The IAS are the accounting standards published by the International Accounting Standards Committee (an international association of professional organizations for auditing professions), which are geared towards the information needs of equity investors.
Corporate reporting in accordance with international accounting standards is used by many companies that are more focused on the capital market, alongside classic reporting in accordance with HGB or FER. In addition to the American standards (US-GAAP), the International Accounting Standards published by the International Accounting Standards Committee should be mentioned in particular.
Based on the assumption that an accrual basis is to be carried out for a continuing business activity (going concern), data should be presented to various interested parties, but primarily to investors, that convey a picture of the business activity, which is based on the principle of fair presentation corresponds. The specification takes place in stages, with qualitative characteristics (understandability, relevance, reliability) and restrictive constraints initially being formulated as part of a general framework (framework for the preparation and presentation of financial statements). These criteria were then implemented in 40 standards.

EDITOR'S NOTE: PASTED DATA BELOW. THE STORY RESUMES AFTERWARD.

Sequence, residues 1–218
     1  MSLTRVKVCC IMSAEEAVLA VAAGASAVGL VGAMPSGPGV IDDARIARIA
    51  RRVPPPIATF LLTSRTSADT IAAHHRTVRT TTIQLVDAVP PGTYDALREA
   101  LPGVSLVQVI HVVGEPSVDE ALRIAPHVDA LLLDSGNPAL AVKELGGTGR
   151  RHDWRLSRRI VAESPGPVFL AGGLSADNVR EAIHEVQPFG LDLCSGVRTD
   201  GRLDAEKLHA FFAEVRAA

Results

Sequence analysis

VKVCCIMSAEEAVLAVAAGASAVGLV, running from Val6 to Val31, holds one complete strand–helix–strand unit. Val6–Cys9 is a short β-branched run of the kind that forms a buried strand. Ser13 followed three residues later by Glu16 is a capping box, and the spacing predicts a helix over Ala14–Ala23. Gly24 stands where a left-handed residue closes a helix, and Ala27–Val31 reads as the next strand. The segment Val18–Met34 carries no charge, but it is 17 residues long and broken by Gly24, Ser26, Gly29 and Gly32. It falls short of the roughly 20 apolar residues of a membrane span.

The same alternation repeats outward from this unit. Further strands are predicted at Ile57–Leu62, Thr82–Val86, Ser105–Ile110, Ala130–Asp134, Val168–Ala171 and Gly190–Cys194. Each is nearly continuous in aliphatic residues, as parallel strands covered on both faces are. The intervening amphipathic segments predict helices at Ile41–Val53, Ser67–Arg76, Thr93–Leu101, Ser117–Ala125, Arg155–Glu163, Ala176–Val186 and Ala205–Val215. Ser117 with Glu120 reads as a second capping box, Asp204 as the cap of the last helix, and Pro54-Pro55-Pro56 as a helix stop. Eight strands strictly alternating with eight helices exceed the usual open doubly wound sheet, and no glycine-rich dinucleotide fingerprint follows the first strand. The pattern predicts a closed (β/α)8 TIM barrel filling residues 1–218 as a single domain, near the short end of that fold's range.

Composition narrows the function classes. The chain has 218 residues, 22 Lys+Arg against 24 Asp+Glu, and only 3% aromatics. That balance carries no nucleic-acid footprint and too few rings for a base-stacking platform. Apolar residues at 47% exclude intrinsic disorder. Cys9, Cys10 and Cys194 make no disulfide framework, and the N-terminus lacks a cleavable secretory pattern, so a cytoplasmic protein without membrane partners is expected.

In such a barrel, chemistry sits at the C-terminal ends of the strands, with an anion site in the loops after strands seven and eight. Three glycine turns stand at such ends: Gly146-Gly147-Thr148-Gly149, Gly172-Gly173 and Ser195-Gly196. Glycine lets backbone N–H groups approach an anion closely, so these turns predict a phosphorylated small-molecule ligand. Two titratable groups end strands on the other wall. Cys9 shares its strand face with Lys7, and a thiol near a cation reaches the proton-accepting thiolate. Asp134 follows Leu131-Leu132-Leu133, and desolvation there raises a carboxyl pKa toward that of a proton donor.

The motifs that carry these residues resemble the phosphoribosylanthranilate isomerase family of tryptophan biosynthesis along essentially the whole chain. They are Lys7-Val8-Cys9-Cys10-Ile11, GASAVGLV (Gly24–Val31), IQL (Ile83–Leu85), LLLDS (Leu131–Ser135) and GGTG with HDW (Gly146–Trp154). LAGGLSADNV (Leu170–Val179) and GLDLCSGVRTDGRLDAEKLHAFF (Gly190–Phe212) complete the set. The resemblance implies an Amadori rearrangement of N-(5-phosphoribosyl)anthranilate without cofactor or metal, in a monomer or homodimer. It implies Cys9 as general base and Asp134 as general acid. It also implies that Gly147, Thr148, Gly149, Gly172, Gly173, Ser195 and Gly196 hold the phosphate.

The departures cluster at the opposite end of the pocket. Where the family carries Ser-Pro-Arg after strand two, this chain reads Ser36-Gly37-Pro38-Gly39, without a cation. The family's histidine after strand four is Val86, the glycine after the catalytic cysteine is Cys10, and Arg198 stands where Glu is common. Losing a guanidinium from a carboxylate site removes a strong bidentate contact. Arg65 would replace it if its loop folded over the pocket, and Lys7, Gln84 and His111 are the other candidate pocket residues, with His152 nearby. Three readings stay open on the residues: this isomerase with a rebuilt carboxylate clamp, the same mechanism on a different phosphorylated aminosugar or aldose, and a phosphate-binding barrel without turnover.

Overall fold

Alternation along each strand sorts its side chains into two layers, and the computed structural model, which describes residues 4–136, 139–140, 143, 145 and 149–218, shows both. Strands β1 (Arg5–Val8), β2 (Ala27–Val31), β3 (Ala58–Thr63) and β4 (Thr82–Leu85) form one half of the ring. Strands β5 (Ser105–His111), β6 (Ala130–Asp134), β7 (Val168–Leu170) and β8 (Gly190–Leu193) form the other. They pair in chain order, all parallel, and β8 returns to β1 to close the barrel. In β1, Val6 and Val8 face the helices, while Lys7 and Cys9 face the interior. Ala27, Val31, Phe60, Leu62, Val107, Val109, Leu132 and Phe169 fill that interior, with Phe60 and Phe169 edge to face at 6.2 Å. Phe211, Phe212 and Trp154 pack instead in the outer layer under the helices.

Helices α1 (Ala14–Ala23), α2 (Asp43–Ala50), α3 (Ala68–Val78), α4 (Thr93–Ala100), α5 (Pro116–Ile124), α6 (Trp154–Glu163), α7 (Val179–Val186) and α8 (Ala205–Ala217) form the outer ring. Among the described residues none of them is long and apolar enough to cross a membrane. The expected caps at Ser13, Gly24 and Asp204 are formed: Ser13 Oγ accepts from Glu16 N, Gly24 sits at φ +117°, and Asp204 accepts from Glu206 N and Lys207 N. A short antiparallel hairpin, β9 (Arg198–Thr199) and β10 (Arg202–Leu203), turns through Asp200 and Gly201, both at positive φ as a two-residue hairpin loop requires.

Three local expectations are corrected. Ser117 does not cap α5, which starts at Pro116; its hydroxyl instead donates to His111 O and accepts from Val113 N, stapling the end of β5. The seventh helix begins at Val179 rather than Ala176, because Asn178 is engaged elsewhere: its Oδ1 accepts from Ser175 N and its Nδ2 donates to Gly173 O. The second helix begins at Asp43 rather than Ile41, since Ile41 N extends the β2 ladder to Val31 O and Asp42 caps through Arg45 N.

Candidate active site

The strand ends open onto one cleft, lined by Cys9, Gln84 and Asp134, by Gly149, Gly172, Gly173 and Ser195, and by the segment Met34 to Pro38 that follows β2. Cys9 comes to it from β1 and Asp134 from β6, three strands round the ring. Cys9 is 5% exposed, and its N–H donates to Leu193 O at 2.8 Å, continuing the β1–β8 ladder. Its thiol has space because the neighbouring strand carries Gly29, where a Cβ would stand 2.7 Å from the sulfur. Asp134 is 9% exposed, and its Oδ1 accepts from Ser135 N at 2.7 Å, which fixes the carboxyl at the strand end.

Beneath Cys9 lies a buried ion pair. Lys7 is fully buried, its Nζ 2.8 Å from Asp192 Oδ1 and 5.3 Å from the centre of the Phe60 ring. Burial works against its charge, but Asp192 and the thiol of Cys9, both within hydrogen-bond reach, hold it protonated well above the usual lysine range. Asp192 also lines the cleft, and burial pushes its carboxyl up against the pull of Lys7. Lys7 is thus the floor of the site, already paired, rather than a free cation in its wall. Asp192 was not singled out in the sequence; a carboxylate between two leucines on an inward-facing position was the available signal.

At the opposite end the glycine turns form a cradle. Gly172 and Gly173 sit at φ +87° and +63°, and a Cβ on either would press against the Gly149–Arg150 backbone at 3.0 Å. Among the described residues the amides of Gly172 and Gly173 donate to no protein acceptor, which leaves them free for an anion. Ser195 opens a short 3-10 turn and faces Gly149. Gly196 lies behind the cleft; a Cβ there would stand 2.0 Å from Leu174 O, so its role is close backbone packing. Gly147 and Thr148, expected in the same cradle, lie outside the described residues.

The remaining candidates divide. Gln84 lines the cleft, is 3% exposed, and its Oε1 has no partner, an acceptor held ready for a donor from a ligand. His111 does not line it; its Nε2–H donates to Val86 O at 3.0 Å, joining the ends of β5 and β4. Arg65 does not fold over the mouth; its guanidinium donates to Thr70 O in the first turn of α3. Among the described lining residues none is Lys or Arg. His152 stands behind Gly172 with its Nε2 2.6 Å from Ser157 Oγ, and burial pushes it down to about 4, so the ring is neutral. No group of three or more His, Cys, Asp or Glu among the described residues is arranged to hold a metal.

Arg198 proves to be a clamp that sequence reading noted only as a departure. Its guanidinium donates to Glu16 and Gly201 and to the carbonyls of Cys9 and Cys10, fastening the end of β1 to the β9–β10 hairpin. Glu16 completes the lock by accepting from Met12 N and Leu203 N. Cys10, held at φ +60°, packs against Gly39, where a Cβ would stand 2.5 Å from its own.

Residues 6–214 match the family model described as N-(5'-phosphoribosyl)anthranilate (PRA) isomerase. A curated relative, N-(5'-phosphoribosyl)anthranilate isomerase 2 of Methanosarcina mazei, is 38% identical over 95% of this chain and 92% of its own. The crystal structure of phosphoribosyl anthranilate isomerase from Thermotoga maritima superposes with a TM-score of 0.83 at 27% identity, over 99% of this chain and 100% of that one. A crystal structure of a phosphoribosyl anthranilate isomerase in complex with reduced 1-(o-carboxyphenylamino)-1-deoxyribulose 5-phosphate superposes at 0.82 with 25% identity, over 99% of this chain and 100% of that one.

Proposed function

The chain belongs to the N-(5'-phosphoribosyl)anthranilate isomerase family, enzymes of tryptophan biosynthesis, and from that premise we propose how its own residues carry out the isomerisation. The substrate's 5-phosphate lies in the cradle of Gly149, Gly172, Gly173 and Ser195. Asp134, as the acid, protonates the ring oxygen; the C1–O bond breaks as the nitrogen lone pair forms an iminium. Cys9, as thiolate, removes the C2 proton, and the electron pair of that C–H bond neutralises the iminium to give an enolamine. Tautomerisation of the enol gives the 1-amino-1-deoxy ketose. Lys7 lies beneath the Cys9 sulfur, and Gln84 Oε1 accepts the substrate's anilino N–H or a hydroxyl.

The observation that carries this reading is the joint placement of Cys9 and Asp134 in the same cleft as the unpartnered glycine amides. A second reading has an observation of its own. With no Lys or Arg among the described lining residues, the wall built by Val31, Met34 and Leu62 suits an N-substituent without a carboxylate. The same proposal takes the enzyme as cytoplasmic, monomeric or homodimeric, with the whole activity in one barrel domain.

The reasons for reporting in accordance with IAS are to make it easier for people to be admitted to the stock exchange on supraregional stock exchanges, to simplify the preparation of consolidated financial statements for international subsidiaries and to create a common language for reporting and controlling international groups. In addition, the consolidated financial statements according to IAS are free of distortions that could relate to the distribution or taxes. IAS is therefore well suited for communication.
Empirical studies show that the use of international accounting standards compared to the publicity according to HGB has a positive effect on the accuracy of the forecasts of financial analysts.